Kim Jong Un traveled to Beijing Tuesday for his third meeting in as many months with Chinese President Xi Jinping. This time Kim arrives with leverage, having just convinced the U.S. to halt its war games with South Korea in return for a vague pledge to denuclearize the Korean Peninsula.
Kim will spend two days in Beijing, debriefing Xi on what happened during the summit with President Trump last week and discussing how to “deepen China-North Korea relations.” But analysts expect Kim to use his newfound leverage to persuade his closest economic ally to push for sanctions relief.
Footage of Xi greeting Kim and his wife was broadcast by Chinese state media, a break from normal protocol where the North Korean dictator’s visits are only confirmed after he has departed, another sign of Kim's new confidence on the world stage.
Kim’s visit comes hours after Trump threatened to impose a 10 percent tariff on $200 billion of Chinese goods — a move Beijing blasted as “blackmail.” U.S. businesses are now bracing a response, and global stock markets tumbled Tuesday in anticipation of Beijing's next move.
“These tariffs will go into effect if China refuses to change its practices, and also if it insists on going forward with the new tariffs that it has recently announced,” Trump said in a statement on Monday.
Sitting at the center of this battle is Kim and North Korea. On one side is their closest economic ally China, and on the other their new friends in Washington who have given huge concessions in the hope that denuclearization will follow. The problem for Trump and his administration is that Kim won’t do anything without the express support of China.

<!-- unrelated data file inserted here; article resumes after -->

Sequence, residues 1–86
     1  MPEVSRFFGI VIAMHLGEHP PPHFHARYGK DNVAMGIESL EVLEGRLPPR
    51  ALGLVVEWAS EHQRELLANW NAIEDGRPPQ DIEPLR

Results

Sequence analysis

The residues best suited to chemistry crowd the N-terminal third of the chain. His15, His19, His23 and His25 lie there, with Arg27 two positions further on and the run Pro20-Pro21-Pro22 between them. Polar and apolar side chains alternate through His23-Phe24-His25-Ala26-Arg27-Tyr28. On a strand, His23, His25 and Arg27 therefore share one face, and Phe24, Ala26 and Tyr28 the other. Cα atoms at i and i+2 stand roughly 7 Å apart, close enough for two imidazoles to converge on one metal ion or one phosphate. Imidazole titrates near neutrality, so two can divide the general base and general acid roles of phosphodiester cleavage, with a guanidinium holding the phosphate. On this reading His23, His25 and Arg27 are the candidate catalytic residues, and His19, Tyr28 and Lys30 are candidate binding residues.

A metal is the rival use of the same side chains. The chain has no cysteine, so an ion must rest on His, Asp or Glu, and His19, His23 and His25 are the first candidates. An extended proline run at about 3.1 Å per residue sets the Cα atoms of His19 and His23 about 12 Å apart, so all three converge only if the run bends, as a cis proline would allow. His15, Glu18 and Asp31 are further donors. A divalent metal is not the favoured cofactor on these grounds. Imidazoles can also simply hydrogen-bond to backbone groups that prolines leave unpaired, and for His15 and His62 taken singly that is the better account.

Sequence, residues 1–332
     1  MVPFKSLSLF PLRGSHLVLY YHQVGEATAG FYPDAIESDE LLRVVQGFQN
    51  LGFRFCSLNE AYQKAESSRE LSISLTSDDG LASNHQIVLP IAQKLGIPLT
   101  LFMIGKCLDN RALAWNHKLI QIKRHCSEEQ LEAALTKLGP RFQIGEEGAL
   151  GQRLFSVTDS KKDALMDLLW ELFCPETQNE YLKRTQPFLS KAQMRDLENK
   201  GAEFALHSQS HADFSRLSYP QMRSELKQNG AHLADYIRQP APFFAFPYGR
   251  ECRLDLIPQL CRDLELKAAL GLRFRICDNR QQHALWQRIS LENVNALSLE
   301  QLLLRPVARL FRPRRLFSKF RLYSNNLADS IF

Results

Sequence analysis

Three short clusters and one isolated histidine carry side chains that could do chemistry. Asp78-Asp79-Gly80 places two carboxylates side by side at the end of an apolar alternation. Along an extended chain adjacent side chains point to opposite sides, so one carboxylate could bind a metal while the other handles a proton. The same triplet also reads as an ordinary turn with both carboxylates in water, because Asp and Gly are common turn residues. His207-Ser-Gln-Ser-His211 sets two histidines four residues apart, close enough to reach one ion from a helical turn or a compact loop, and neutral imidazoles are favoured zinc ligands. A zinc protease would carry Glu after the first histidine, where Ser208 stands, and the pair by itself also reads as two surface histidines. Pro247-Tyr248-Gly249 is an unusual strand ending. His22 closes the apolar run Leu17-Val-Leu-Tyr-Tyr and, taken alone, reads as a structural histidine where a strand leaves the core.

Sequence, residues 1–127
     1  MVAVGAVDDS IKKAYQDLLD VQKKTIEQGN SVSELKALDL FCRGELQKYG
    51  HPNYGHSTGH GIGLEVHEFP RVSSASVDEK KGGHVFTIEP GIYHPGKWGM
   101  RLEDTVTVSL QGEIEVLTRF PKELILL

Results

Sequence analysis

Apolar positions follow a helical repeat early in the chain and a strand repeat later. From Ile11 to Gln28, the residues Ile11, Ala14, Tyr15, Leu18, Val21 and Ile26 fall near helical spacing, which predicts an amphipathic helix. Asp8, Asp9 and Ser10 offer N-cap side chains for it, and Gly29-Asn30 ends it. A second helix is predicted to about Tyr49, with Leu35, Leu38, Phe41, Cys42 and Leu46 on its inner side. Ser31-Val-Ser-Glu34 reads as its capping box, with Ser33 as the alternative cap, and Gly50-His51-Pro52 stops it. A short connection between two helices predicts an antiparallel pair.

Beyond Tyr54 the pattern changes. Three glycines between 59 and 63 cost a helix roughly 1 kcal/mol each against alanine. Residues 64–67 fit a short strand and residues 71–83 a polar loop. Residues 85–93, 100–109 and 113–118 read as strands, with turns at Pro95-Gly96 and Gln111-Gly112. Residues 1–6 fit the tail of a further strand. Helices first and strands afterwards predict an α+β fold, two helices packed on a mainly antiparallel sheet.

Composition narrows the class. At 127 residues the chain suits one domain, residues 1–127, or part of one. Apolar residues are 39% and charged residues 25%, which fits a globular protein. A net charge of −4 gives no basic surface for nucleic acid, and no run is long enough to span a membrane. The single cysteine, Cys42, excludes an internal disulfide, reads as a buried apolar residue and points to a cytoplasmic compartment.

“North Korea can’t make any serious geopolitical moves without China’s assent,” Robert Kelly, an expert in international relations at Pusan National University in South Korea told VICE News. “China is the key to sanctions-enforcement or not.”
Kelly added that Kim’s third trip to China since March just reinforces his belief that “the road to Pyongyang goes through Beijing.”
Following the meeting with Kim last week, Trump declared that the threat from North Korea was now gone, despite the fact that Pyongyang had not agreed to complete, verifiable, and irreversible denuclearization, something Secretary of State Mike Pompeo said prior to the summit was the “only outcome U.S. will accept.”
It is likely that Kim will want to make some deal with Washington over the denuclearization process, but only after getting the approval of Xi first.
“Kim is serious about doing some sort of deal with the American president and the trips represent his attempt to negotiate the parameters of any future deal with Beijing, which will have the final say,” John Hemmings, Asia director at the Henry Jackson Society, a British foreign policy think tank, told VICE News.
For North Korea, the escalating trade war couldn’t come at a better time, as it should be able to leverage its improved position on the international stage to its advantage. But for Trump and the White House, it is not good timing.
“The good news for the Kims is that this [trade war] drives China back toward them, which naturally no one on Team Trump thought about because no one prepared for Singapore,” Kelly said. “Honestly, Trump has no idea what he is doing.”
But not everyone agrees that Kim is completely in trawl to Xi and his decisions. “Kim runs his own foreign policy and Trump may try to offer him a deal that he cannot reject,” Zhang Baohui, a political scientist at Hong Kong’s Lingnan University, told VICE News.
However, Zhang did concede that China may use North Korea as a pawn in its trade war with the U.S. pointing out that “Trump did tone down the trade issue when he needed Beijing's help.”
Cover image: People bicycle past a giant TV screen broadcasting the meeting of North Korean leader Kim Jong Un and Chinese President Xi Jinping during a welcome ceremony at the Great Hall of the People in Beijing, Tuesday, June 19, 2018. (AP Photo/Andy Wong)
This article originally appeared on VICE US.